90-year-old P.E.I. farmer still working the land after all these years

If there's ever a list of P.E.I.'s most independent seniors, 90-year-old John Lister would certainly be near the top. He lives alone, cooks his own meals, and runs a 40-head beef cattle operation.

'I don't believe in retirement,' says John Lister

John Lister is 90 years old, lives on his own and runs a 40-head beef cattle operation 2:26

If there's ever a list of P.E.I.'s most independent seniors, 90-year-old John Lister would certainly be near the top. 

Lister lives alone at home in Dromore. He also cooks his own meals and even bakes his own bread.

If that wasn't enough, Lister also runs a 40-head beef cattle operation and grows beans on his 300-acre farm.

I never see anybody week to week. I like it that way. I've got lots to do.— John Lister

And if you ask how he manages to do it all, he'll tell you he's doing just fine.

"I don't believe in retirement," he said. "That's people's problem. They retire and do nothing, until they get a box to put them in."

Lister was born in England and served in the British merchant navy. He moved to P.E.I. after his wife died 40 years ago, and started a dairy and beef cattle operation.

He decided to give up the dairy cows about eight years ago, figuring he "was getting a little too old to milk."

But he said taking care of 40 beef cattle on his own isn't all that hard. He feeds them once a day, using a tractor to lift the heavy bales of hay, and uses a walking stick to check on them because his balance isn't what it used to be.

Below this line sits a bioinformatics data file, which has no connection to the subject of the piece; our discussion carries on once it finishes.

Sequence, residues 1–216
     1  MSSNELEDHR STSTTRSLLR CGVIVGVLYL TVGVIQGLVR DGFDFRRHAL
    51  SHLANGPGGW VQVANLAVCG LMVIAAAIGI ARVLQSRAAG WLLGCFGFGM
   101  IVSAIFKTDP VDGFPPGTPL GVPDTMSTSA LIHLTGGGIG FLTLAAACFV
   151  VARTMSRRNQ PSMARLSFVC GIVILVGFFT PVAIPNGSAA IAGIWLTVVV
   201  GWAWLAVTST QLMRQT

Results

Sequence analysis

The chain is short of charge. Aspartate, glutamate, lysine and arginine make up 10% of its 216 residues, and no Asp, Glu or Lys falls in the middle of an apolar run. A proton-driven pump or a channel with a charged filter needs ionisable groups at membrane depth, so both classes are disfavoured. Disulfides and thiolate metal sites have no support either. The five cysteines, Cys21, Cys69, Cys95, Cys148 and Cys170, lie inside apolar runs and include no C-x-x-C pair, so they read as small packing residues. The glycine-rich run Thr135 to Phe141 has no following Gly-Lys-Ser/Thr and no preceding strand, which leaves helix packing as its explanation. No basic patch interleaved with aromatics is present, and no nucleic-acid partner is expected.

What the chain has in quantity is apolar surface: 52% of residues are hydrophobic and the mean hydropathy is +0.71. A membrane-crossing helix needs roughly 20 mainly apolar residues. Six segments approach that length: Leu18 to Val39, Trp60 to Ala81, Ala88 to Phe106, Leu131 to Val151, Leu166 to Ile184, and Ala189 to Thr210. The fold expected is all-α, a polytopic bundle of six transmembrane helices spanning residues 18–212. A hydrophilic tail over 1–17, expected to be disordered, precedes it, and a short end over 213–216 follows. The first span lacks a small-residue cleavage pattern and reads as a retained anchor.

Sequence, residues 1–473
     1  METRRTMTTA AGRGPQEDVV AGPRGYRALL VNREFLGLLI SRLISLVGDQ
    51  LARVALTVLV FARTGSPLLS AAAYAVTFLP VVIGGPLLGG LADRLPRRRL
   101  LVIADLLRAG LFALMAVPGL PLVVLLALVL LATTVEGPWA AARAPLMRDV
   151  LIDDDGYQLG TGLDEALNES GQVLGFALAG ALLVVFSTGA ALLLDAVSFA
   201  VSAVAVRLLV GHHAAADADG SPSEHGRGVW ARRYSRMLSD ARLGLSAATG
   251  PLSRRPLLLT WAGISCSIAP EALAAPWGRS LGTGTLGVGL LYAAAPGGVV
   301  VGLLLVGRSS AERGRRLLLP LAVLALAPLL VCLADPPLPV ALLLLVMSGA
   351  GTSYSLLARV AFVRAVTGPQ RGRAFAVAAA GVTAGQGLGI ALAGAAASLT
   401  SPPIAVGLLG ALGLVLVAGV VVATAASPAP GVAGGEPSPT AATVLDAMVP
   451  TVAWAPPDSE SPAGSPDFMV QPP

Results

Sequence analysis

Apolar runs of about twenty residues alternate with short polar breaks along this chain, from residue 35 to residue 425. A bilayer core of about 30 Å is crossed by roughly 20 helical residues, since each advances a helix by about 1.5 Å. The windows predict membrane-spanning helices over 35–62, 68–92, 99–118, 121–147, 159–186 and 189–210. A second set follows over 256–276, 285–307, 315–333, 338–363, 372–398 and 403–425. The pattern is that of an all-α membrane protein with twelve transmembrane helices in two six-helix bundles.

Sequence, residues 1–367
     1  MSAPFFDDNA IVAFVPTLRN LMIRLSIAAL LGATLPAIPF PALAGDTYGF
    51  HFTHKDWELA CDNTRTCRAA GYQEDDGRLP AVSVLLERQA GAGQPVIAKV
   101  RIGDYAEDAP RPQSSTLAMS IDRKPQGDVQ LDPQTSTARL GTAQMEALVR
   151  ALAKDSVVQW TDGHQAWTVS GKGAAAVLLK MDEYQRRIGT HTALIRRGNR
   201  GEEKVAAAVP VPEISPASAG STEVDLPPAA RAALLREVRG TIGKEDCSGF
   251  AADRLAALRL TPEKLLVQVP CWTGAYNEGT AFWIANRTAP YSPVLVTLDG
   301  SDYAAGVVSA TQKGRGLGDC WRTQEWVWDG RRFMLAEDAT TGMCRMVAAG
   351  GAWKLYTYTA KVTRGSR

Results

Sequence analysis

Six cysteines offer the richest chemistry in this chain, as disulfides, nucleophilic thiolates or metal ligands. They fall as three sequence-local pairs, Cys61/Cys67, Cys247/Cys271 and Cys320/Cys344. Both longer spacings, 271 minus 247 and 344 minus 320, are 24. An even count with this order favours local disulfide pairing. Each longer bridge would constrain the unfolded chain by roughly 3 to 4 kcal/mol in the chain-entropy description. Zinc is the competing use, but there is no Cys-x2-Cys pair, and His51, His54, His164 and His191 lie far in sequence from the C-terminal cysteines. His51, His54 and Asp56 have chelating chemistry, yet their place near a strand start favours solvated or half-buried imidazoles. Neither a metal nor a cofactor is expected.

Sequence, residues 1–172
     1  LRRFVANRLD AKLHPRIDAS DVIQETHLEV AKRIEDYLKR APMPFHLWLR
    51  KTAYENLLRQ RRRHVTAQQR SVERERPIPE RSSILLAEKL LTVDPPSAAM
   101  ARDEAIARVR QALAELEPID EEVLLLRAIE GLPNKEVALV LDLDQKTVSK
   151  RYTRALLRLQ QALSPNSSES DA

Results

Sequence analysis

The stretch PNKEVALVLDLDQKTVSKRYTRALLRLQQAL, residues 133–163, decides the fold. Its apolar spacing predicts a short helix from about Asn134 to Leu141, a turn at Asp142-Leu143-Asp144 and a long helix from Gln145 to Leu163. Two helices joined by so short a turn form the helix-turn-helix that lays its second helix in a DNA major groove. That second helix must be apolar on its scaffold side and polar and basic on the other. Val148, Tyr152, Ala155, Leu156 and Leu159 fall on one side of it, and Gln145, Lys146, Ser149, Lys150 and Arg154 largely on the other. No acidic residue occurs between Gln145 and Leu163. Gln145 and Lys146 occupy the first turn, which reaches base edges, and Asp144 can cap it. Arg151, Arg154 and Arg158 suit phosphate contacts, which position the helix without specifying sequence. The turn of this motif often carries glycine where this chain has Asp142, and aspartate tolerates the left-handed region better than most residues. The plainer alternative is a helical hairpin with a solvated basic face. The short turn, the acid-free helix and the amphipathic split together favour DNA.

"Oh I fall all the time. I'm used to falling."

He does, however, get some help with the planting and harvesting of his bean crop.

John Lister 'doesn't eat garbage,' preferring to stick to simple things like meat and potatoes. (Pat Martel/CBC)

'I don't eat garbage'

Lister said he's healthy and rarely gets sick, something he attributes to avoiding processed foods.

"I haven't had a meal [out] — except with relatives — in 30 years," he said. "I don't eat garbage. I don't smoke. I don't drink. I only eat basic food: meat, potatoes, vegetables and that sort of thing."

He doesn't have much company, because the neighbours he knew when he first moved to P.E.I. have all moved away, but it doesn't seem to bother him.

When asked what he likes about living alone, his answer was simple.

"Well, just living alone. I never see anybody week to week. I like it that way. I've got lots to do," he said. "If I wasn't happy, I'd do something about it."

John Lister says running a cattle operation on his own isn't all that hard. (Pat Martel/CBC)

And the idea of remarrying has never crossed his mind.

"That's the last thing I thought of," he said. "At my age, that would have been disastrous, because they would never fit into the way I wanted to live."

Besides, Lister said he doesn't go anywhere so he doesn't meet anyone. He gave up driving last year, but he doesn't miss it.

Lister bristles at the idea of living in a nursing home, saying he's not afraid of dying alone.

"That's not my life, living in a nursing home. I'm quite happy. Life just comes along. And one day, I will go. And that's that," he said.

"It don't worry me. I firmly believe that when you look on the calendar, there's a day on it, and that's it. And when you get to that day, you're gonna die."

John Lister says he doesn't mind living alone. (Pat Martel/CBC)

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